Jakarta (ANTARA) – The Indonesian government is encouraging the broad utilization of electric vehicles, both from the government and the general public.
In addition to being an eco-friendly transportation vehicle, battery electric vehicle (EV) is also deemed to be able to make Indonesia into a major player for the vehicle’s main components.
President Joko Widodo noted that the key for 60 percent of the electric car components lies in the battery. Indonesia has a material reserve to create abundant stock of batteries.
As a form of the government’s commitment, several derivative regulations have been issued.
These include Presidential Regulation No. 55 of 2019 on Battery Electric Vehicle for Road Transportation Program Acceleration.
The other is Presidential Instruction No. 7 of 2022 on the Use of Battery Electric Vehicle as Central and Regional Government Institutions’ Operational State Vehicle and/or Individual Vehicle.
Moreover, at least six Transportation Minister’s Regulations stipulate the implementation of EV in Indonesia.
In general, these regulations stipulate type test, conversion guideline, and technical guidance related to Non-Tax State Revenue (PNBP).
According to the Transportation Ministry’s data, the demand for state operational vehicles, from Internal Combustion Engine to Battery Electric Vehicle, until 2030 reached 398,530 for two-wheeled vehicles and 132,983 for four-wheeled vehicles.
Meanwhile, Type Test Registration Certificates had been issued for 48,162 electric vehicles until January 2030.
Along with technological developments in future, one can only imagine how many electric vehicles will be plying on Indonesia’s roads within the next few years.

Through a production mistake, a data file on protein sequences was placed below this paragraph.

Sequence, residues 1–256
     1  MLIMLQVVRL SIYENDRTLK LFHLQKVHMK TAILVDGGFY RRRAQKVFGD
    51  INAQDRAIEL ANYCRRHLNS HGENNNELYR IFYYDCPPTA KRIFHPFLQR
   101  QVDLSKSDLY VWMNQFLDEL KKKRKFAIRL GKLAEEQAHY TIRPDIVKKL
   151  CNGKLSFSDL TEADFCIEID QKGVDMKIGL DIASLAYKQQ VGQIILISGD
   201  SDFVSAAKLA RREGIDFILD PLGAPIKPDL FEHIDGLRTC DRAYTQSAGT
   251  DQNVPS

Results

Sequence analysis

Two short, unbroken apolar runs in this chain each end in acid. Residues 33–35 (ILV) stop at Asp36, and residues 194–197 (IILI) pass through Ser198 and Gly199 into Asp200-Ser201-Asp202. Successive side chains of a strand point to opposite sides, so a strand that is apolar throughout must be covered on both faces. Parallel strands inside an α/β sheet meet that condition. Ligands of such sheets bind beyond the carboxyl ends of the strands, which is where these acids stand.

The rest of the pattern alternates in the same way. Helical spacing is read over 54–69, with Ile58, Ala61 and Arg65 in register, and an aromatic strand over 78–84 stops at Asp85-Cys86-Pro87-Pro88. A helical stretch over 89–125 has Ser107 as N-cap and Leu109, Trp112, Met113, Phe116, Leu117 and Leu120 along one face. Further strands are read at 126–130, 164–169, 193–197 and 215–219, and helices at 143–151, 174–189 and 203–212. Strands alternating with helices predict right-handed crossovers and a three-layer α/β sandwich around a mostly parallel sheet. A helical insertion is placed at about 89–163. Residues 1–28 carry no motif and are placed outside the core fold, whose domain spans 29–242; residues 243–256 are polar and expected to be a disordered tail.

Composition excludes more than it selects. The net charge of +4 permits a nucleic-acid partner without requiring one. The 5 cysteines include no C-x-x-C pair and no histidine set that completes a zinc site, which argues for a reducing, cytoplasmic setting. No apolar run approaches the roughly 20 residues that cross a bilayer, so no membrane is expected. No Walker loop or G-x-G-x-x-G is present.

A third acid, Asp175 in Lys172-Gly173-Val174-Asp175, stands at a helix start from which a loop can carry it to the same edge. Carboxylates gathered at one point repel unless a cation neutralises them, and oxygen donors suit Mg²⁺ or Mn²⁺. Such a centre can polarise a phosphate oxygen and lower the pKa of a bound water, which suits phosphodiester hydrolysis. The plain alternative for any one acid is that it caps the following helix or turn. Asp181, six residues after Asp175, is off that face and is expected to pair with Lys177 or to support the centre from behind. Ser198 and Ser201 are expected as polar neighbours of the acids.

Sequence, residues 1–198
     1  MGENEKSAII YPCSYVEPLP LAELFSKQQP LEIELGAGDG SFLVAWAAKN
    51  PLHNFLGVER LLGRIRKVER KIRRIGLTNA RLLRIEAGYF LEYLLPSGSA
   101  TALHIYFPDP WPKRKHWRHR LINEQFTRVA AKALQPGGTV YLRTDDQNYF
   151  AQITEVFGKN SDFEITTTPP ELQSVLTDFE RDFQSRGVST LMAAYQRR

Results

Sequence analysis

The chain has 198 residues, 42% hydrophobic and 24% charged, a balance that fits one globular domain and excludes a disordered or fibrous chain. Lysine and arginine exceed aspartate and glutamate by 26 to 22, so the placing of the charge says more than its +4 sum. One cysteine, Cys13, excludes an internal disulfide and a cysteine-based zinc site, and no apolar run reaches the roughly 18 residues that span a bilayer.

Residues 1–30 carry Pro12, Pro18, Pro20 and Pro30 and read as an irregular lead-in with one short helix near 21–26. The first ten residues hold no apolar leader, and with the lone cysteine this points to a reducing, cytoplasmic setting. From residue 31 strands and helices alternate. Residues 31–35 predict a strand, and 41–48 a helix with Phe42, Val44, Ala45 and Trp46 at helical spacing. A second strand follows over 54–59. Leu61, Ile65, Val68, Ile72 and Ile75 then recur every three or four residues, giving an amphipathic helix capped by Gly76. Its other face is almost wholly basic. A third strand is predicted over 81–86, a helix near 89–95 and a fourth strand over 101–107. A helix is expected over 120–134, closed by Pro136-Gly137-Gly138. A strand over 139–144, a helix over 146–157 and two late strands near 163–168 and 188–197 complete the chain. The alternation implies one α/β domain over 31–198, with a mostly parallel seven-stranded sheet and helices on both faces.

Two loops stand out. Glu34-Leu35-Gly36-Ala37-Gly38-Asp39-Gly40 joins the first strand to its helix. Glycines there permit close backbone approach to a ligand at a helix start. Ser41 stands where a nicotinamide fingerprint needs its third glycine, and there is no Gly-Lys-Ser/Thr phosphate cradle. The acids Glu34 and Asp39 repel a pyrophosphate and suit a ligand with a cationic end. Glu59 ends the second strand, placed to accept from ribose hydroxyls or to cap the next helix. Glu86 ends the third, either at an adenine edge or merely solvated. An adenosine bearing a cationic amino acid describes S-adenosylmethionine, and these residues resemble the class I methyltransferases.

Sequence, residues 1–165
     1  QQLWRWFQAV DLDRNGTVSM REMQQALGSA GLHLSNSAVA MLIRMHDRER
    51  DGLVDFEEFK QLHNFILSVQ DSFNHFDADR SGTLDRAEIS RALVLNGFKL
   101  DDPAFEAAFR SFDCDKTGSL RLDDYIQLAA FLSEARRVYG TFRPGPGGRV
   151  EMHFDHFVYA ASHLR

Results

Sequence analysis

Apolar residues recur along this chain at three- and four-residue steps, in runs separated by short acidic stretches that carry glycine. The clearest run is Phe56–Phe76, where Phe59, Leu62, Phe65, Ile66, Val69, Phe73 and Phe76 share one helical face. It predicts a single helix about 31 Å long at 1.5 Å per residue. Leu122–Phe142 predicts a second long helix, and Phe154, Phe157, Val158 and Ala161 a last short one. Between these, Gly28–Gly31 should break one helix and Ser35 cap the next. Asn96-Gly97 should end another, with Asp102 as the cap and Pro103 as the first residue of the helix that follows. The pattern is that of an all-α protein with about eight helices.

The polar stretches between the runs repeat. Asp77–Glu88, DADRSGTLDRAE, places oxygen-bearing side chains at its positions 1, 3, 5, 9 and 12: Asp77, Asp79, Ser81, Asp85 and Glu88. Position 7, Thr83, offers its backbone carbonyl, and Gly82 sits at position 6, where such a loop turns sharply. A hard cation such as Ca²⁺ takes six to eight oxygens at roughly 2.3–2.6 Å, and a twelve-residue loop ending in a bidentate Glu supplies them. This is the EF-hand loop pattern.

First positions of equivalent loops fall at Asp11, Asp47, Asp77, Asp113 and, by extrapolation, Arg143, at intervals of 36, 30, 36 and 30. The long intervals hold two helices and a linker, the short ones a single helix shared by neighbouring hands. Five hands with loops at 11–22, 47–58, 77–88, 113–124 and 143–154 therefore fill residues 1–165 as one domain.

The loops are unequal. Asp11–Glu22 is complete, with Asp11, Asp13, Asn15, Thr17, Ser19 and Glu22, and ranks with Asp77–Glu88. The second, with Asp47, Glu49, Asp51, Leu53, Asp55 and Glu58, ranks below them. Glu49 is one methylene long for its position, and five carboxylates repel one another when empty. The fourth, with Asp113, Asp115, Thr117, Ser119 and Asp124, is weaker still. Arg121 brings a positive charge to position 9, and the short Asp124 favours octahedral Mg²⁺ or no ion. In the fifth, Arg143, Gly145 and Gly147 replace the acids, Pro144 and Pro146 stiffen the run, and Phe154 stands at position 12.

While numerous parties agreed that electric vehicle is far more eco-friendly as compared to oil-based car, the potential dangers of electric vehicles exists.
The waste from its main component, the battery, can cause serious environmental pollution if it is not managed well.
The National Research and Innovation Agency (BRIN) found that potential waste that should be considered is used battery, waste from the battery production process, and waste from the battery recycle process.
Electric vehicle generally uses lithium ion battery (LIB) that comprises cathode, anode, electrolyte, separator, and various other components.
Several materials used in LIB include heavy metals and electrolytes that can pose a threat for the ecosystem and human health.
If used LIB is simply thrown away in large quantity, then this can cause toxic heavy metal infiltration to groundwater that causes serious environmental pollution.
Similarly, if used LIB is burned as solid waste, then this will produce large quantity of toxic gas in the form of hydrogen fluoride (HF) that comes from electrolytes in LIB, which can pollute the atmosphere.
To this end, waste management of used battery is deemed necessary.
Head of BRIN’s Transportation Technology Research Center Aam Muharam stated that several studies were conducted on the possibilities of reusing used battery through recycle.
Battery waste is usually graded or sorted first to know its capacity or age relative to its end-of-cycle.
If the battery’s capacity is between 50-80 percent, used battery can be utilized once again as a second-life battery.